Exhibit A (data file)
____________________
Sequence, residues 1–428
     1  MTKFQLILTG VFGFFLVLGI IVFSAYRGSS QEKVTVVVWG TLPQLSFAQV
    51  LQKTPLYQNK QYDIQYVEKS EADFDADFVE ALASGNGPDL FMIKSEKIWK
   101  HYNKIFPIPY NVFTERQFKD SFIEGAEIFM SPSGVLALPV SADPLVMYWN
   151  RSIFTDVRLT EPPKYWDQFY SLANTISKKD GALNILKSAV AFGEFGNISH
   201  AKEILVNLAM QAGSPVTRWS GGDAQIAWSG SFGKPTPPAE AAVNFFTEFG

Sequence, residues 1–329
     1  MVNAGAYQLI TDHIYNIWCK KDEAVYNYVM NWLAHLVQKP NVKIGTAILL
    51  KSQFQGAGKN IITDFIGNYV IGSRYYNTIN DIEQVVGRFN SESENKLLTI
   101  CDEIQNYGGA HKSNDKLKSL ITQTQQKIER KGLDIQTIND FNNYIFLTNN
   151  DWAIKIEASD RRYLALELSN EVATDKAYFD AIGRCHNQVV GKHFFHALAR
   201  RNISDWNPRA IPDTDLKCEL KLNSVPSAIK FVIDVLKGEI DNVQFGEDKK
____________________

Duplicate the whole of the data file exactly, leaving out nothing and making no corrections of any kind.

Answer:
Sequence, residues 1–428
     1  MTKFQLILTG VFGFFLVLGI IVFSAYRGSS QEKVTVVVWG TLPQLSFAQV
    51  LQKTPLYQNK QYDIQYVEKS EADFDADFVE ALASGNGPDL FMIKSEKIWK
   101  HYNKIFPIPY NVFTERQFKD SFIEGAEIFM SPSGVLALPV SADPLVMYWN
   151  RSIFTDVRLT EPPKYWDQFY SLANTISKKD GALNILKSAV AFGEFGNISH
   201  AKEILVNLAM QAGSPVTRWS GGDAQIAWSG SFGKPTPPAE AAVNFFTEFG

Sequence, residues 1–329
     1  MVNAGAYQLI TDHIYNIWCK KDEAVYNYVM NWLAHLVQKP NVKIGTAILL
    51  KSQFQGAGKN IITDFIGNYV IGSRYYNTIN DIEQVVGRFN SESENKLLTI
   101  CDEIQNYGGA HKSNDKLKSL ITQTQQKIER KGLDIQTIND FNNYIFLTNN
   151  DWAIKIEASD RRYLALELSN EVATDKAYFD AIGRCHNQVV GKHFFHALAR
   201  RNISDWNPRA IPDTDLKCEL KLNSVPSAIK FVIDVLKGEI DNVQFGEDKK